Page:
Written by PETA
People visiting Birmingham, England, to attend the world's largest dog show, Crufts, now have something to think about, thanks to a provocative new PETA U.K. ad at a bus stop in town.
Dog shows like Crufts encourage people to breed and buy purebred dogs even in the face of the companion animal overpopulation crisis. Every time someone buys a dog from a breeder or pet store, a shelter dog loses a chance at a home. Making people realize this might make them squirm, but if it encourages someone to adopt an animal instead of buying, it saves a life.
And shelter mutts aren't the only ones in peril—widespread inbreeding ensures that many purebred dogs are plagued by painful and deadly health problems. The Royal Society for the Prevention of Cruelty to Animals in the U.K. dropped its support of Crufts, calling the breeding of deformed and disabled dogs "morally and ethically unjustifiable." Agreed.
Written by Michelle Sherrow
Intentionally breeding dogs for their looks while millions are dying for lack of good homes in extremely crowded shelters? The American Kennel Club just doesn't get it. And neither does the USA network, which broadcasts the AKC's Westminster Dog Show every February.
That's why we sent USA a letter asking for a little face time to discuss really important things like, oh, not airing the controversial pure-breed pup parade. Coming on the heels of the BBC's announcement that it will no longer broadcast coverage of the Kennel Club's Crufts dog show (the Brit equivalent of the Westminster monstrosity), the letter points out that breeding dogs in order to create a look that negatively affects their health, temperament, and quality of life is totally not cool. After all, one in four purebred dogs is plagued with a serious genetic problem.
So USA, how about being a good network? Sit. Listen. Roll over. And fetch a few reruns of Law and Order to replace that dastardly dog show …
Written by Amy Elizabeth
There's nothing "ironic" about this: Music superstar Alanis Morissette has gone vegan and is feeling better than ever. According to OK, the always-trim Alanis eventually found herself overweight and unhappy less than a year ago because of all the processed food she'd been eating. So, being the smart and fab lady she is, she turned to a book titled Eat to Live which covers the many health benefits of a vegan diet.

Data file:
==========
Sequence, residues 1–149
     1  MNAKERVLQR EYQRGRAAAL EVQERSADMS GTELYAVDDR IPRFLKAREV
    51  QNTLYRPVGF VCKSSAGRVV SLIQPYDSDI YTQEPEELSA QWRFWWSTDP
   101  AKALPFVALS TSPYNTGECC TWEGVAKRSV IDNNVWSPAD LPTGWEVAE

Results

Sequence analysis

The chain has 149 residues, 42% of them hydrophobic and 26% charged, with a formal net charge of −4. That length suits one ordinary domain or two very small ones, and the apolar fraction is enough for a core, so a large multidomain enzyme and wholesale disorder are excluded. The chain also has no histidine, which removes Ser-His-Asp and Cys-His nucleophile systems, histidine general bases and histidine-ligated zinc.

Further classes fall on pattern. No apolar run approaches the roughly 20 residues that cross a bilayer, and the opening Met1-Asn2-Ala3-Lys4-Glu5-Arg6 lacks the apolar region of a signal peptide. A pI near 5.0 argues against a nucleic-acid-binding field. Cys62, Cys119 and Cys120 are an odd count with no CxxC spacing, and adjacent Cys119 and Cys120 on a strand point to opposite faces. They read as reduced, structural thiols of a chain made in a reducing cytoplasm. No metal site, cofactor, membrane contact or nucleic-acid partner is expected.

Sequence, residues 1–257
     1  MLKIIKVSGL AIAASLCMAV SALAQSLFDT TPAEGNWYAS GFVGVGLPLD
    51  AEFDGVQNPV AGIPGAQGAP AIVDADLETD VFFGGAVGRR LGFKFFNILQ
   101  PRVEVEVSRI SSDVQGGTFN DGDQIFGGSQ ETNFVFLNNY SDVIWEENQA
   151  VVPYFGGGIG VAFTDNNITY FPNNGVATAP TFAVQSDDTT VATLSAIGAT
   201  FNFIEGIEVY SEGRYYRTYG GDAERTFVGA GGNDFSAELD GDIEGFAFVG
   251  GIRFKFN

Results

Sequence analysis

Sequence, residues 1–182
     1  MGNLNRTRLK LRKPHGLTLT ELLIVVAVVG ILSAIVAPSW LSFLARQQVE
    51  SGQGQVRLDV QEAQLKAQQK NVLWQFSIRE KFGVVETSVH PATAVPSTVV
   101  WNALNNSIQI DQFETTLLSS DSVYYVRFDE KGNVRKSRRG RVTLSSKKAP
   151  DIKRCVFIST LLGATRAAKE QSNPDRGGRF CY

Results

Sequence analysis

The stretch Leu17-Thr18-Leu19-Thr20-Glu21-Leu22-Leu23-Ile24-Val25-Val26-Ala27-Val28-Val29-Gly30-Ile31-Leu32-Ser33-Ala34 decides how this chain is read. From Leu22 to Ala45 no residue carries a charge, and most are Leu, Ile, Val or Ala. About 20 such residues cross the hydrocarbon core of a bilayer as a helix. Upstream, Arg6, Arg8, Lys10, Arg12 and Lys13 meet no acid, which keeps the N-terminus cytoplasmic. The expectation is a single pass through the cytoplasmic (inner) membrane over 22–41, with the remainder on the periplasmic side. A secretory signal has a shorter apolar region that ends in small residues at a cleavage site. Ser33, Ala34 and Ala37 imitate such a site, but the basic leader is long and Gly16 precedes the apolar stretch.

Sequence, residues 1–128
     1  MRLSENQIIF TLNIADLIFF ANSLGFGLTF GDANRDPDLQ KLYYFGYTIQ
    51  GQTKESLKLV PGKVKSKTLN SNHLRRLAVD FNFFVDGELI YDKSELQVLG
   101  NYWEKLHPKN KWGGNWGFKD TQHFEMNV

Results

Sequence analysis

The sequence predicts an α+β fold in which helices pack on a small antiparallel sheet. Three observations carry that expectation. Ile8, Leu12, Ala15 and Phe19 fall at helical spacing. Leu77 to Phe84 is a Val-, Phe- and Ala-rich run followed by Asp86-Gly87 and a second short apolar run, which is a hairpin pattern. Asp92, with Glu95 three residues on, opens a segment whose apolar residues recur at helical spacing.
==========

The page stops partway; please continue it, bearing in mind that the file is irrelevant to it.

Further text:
After Alanis went vegan, she lost 20 pounds and looks more stunning and healthy than ever. She's also proud to show off her new body and even says, "I'm back to what I was born to be, at my best. … I feel very alive. … I have no more aches and pains, and my allergies are gone, too."
Well Amen to that! I've always loved Alanis, especially since Jagged Little Pill came out, and now I hope she can inspire others to take a look at their dinner plates and make the healthy and compassionate decision.
And hey, you know what the next step is, don't you? We're all on pins and needles hoping she'll bare some skin for a sexy veggie testimonial. Fingers crossed, y'all!
Written by Christine Doré
The BBC has announced—in a momentous victory for dogs everywhere—that it will no longer broadcast coverage of the Kennel Club's Crufts dog show. Crufts is the British equivalent of the American Kennel Club's Westminster Dog Show with all the attendant hype and fuss and dogs in crates.
BBC officials have learned that "purebreds" entered into dog shows are genetically predisposed to debilitating diseases caused by generations of inbreeding. And it's all in an attempt to make sure that the dogs who are bred for money are the best "specimens" in town. Kudos to the BBC for taking a stand for dogs!
Apparently USA Network (which broadcasts Westminster Dog Show every February here in the states) hasn't yet gotten the memo that "breedism" is a thing of the past. Remember last year's winner, Uno? As a beagle, Uno has a significantly higher risk of hypothyroidism, demodectic mange, umbilical hernia, epilepsy, eye and eyelid problems, cryptorchidism, hip dysplasia, intervertebral disk disease, and luxating patella. Now what ribbon does that deserve?
Written by Liz Graffeo
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Almost all of us grew up eating meat, wearing leather, and going to circuses and zoos. We never considered the impact of these actions on the animals involved. For whatever reason, you are now asking the question: Why should animals have rights? Read more.